SINGAPORE - Singapore's export slump has worsened in another sign of sluggish global demand, backing last week's unexpected policy easing as the central bank tries to revive economic growth.
Non-oil domestic exports (NODX) in March shrank a worse-than-forecast 15.6 per cent from a year ago as both electronic and non-electronic shipments were hit, International Enterprise (IE) Singapore announced on Monday morning (April 18).
Analysts polled by Reuters had expected March NODX to fall 13.2 per cent.
In February, NODX edged up 2 per cent from a year earlier, helped by a surge in shipments from the statistically volatile pharmaceuticals sector. Shipments fell 10.1 per cent in January, the third straight month of contraction.
Last Thursday, the Monetary Authority of Singapore (MAS) surprised markets by easing its exchange-rate based policy after growth stalled in the first quarter, darkening the outlook for the economy. MAS set the Singapore dollar on a zero appreciation path against a basket of currencies of the nation's major trading partners and rivals.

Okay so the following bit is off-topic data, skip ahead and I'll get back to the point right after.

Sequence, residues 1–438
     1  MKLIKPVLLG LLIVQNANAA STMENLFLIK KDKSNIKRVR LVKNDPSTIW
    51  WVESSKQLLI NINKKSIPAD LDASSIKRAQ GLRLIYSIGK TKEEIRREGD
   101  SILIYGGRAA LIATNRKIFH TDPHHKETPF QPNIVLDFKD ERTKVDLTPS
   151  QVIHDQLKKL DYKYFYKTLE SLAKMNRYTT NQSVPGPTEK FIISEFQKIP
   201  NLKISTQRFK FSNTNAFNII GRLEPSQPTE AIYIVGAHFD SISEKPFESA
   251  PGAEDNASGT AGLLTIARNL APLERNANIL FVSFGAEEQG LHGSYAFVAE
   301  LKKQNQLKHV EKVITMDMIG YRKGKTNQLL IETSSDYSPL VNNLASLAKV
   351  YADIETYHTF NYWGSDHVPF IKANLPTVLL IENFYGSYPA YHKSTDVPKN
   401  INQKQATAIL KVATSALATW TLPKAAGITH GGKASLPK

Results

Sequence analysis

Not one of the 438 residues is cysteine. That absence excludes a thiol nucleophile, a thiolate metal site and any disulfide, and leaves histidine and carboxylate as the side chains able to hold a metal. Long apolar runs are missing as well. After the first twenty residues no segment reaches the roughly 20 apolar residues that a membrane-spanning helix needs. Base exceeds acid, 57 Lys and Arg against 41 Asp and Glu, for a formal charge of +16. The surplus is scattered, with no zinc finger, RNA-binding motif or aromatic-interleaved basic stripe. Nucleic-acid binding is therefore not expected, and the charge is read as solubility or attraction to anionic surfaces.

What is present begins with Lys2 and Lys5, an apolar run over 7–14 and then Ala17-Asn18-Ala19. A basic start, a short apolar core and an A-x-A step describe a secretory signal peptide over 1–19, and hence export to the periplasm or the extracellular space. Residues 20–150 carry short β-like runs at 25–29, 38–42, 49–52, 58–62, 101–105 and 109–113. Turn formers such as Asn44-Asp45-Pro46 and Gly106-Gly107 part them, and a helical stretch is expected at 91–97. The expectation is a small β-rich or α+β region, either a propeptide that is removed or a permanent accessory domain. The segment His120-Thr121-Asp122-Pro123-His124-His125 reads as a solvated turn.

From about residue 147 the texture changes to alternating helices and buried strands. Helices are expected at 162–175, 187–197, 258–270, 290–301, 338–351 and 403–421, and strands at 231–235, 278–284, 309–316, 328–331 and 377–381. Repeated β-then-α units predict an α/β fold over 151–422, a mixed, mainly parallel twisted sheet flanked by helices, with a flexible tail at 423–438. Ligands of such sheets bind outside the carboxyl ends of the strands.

On a month-on-month, seasonally adjusted basis, March NODX rose by 0.2 per cent, in contrast to the previous month's 4.2 per cent decrease, due to the expansion in non-electronic shipments which outweighed the contraction in electronic sales. This missed analysts' forecast of a 2.3 per cent month-on-month increase.
On a year-on-year basis, NODX to all of Singapore's top 10 markets, except Japan and Hong Kong, declined in March. The biggest contraction was seen in the EU 28 (-39.1 per cent), China (-14.1 per cent) and Indonesia (-20.2 per cent).
"Exports to China have been falling and that has been the main drag on overall export performance. In addition, the slowdown in China is structural in nature. And that suggests that the current NODX weakness may persist for a while," DBS said ahead of the Monday's report.
Electronic shipments, key to Singapore's export sector, contracted by 9.1 per cent in March, compared to a 0.7 per cent expansion in the previous month. The decline in electronic domestic exports was largely due to ICs (-10.3 per cent), PCs (-26.5 per cent) and parts of PCs (-18.0 per cent).
Non-electronic NODX fell 18 per cent, in contrast to the 2.6 per cent rise in February. The fall was led by structures of ships & boats (-99.6 per cent), pharmaceuticals (-30.9 per cent) and petrochemicals (-16.4 per cent).